Roidis and the Borrowed Muse: British Historiography, Fiction and Satire in Pope Joan
by Foteini Lika
Cambridge Scholars Publishing
reviewed by Richard Pine
This is a thorough, painstaking and thoughtful account of the origins and creation of Emmanouil Roidis’ 1866 masterpiece, Pope Joan, the apocryphal story of a ninth-century English girl who, through a series of bizarre developments, became Pope and then died in childbirth. Unreal though it may seem, there is substantial historical evidence for the idea. The existence of a sedia stercoraria – an open-bottomed chair of, shall we say, inspection, on which popes-elect were required to sit in order to verify that they were, in fact, male (which features in the tv drama-documentary The Borgias at the election of Jeremy Irons as Alexander VI) – suggests that at some stage the Vatican considered it necessary to insure against its repetition.
The story continues to elicit both prurient novels (I’m thinking of Donna Woolfolk Cross’s Pope Joan of 2005) and serious evaluation of the documentary evidence, of which Peter Stanford’s The She-Pope (1998) is probably the most worthwhile, and at least four others in recent decades (in addition to several in the nineteenth and early twentieth centuries).
The author, Foteini Lika (who teaches European literature at Greece’s Open University), has two arrows to her bow: she first discusses the contemporary furore caused by the publication of Pope Joan and its aftermath, and then examines Roidis’s possible sources for the topic of history in relation to fiction, as he employed medieval and later documents as the basis for his story.
Lika pays full attention to modern textual studies and influences, and is particularly interested in Julia Kristeva’s and Roland Barthes’s ideas on intertextuality. In examining the “British” literary and historiographical traditions which might or might not have given Roidis some inspiration, Lika looks at Edward Gibbon (Decline and Fall of the Roman Empire), the near-contemporaneous History of England by Thomas Babington Macaulay, Laurence Sterne’s Tristram Shandy, Jonathan Swift’s Gulliver’s Travels, Walter Scott’s “Waverley” novels and Byron’s Don Juan as stylistic models. Her treatment of these possible influences is persuasive, provided one is willing to accept this form of intertextual study rather than regarding Roidis as simply telling a story without recourse to influence other than what he acknowledged in his own text.
Roidis’s book – self-described as “a historical romance” – was part-narrative and part-documentary: Roidis supplemented the life-story of Joan with a huge range of ancillary argument to authenticate his romantic argument. In terms of modern Greek literature, it is instructive that Roidis exploited the relationship of faith to fact, which brought down on him massive denunciation by the Greek Orthodox Church for its “anti-Christian” attitude and for “every kind of irreverence, misbelief and indecency”. Such criticism continued, but the nature of the book was taken up by literary critics who could not agree on whether it was a “romance” or a satire on the romantic tradition. It was in fact the way in which Roidis wove satire and straight narrative that confused his public, and which probably made Lawrence Durrell so interested in it that he made his own “version” of the book.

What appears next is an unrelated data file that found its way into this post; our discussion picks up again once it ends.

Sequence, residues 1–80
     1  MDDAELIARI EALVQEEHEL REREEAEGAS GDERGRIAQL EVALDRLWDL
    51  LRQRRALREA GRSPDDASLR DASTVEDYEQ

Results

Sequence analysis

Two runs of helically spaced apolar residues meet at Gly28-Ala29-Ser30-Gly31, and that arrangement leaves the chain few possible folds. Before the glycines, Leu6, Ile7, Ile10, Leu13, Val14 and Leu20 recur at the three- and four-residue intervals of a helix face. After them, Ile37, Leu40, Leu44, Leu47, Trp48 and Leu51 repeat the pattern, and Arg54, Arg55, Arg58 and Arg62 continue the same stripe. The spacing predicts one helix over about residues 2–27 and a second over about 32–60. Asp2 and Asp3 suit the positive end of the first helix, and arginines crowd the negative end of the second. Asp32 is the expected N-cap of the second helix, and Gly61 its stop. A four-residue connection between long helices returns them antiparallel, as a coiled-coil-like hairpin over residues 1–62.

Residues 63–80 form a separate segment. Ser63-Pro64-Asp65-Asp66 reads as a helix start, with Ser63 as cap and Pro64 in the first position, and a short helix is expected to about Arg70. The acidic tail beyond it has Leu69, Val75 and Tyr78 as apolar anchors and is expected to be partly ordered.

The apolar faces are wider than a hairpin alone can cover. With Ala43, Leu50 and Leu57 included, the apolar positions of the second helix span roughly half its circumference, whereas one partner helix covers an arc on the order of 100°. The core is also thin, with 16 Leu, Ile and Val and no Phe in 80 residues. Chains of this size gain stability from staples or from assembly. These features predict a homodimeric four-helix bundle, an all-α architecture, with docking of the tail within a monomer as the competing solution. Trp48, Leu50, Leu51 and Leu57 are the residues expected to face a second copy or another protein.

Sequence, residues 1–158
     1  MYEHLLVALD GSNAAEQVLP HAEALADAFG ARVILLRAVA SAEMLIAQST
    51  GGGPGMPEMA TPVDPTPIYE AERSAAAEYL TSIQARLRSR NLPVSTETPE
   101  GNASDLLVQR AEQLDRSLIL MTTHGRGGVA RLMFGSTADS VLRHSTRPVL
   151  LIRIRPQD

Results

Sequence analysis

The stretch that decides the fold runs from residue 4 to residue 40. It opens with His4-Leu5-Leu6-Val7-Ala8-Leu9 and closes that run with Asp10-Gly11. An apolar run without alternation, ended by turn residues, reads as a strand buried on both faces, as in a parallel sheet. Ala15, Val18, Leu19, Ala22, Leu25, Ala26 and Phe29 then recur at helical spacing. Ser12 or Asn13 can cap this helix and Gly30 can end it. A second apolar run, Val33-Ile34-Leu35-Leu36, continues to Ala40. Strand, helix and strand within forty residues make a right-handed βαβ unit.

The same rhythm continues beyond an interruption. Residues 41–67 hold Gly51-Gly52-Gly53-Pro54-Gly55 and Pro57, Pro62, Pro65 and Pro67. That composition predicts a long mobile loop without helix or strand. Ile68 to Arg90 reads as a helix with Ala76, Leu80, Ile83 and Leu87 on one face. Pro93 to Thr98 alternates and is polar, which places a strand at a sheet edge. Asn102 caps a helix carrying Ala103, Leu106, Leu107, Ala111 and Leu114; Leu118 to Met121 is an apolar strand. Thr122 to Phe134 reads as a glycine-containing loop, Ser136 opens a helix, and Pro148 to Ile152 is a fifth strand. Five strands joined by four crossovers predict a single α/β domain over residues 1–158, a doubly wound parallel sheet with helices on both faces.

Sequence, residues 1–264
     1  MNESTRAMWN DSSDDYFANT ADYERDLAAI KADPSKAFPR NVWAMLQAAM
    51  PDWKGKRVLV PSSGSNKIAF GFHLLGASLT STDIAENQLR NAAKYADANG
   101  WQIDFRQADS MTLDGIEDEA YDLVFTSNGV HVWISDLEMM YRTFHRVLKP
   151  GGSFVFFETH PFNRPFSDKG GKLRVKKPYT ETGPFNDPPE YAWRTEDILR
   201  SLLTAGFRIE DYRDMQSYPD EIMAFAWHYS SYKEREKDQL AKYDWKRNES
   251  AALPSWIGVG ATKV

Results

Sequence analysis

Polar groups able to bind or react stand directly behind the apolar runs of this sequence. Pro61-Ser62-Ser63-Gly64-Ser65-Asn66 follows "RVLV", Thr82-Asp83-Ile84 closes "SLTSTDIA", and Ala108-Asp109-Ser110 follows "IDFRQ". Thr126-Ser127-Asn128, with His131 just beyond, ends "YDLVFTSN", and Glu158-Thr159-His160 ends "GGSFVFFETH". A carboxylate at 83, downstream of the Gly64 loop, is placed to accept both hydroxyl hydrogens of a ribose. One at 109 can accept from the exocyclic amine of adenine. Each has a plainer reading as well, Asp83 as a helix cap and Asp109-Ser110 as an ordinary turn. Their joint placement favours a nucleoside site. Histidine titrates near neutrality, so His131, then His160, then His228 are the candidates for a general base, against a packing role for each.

Her study of intertextuality shows us how very modern Roidis was in his conception: not least the “intratext” between his own narrative and his Introduction and Notes. Roidis was modern, too, in the way, as Lika expertly shows, that he combined history and fiction (a trait which his most successful translator, Lawrence Durrell, would carry to extremes in The Avignon Quintet [1974-1985]).
Lika uses, indiscriminately, it seems, three translations of Pope Joan: by Charles Hastings Collette (1886), J H Freese (1900) and that by Durrell (1947/1954) – the latter being perhaps the most widely read in modern times and still in print. The translation by David Connolly (2019), one of today’s most eminent translators from Greek, presumably came too late for her consideration.
However: a note of caution. Lika is, apparently, unaware that serious fault has been found with Durrell’s “translation” or “version” of Pope Joan, to which he was introduced by George Katsimbalis in the 1940s. It has been heavily criticised by Panayiotis Gerontopoulos, who (erroneously) believed Durrell’s work to be based on an English version by T D Kriton, published in Athens in 1935, which omitted Roidis’s Prologue, Introduction and copious Notes, thus reducing the length of the original by approximately half. Gerontopoulos called Durrell’s version a “hoax”, stating that it occupied “a no man’s land between high art and an out-of-bounds pornographic literature”. To remedy what Gerontopoulos saw as a slight on Roidis’s original, he and Jane Rae Cousineau published their own translation of Papissa Joanna in 2014. Like the contemporary objections to Pope Joan, Gerontopoulos’s reading of Durrell’s “version” opens up a very wide topic which Lika’s book addresses in her opening chapters: the roles of satire and metaphor, and the relationship between history and imagination which is incorporated in the Greek term for the novel, mithistorema.
Lika’s last word on the subject — “In short, Roidis changed every rule in the book” — is fascinating: Roidis, writing in mid-nineteenth-century Greece, when the Greek novel was in its infancy, predicted the way in which Greek writers would question authority, the nature of the state, the interpretation of history and the nature of religious faith – all of them current today in both literature and politics.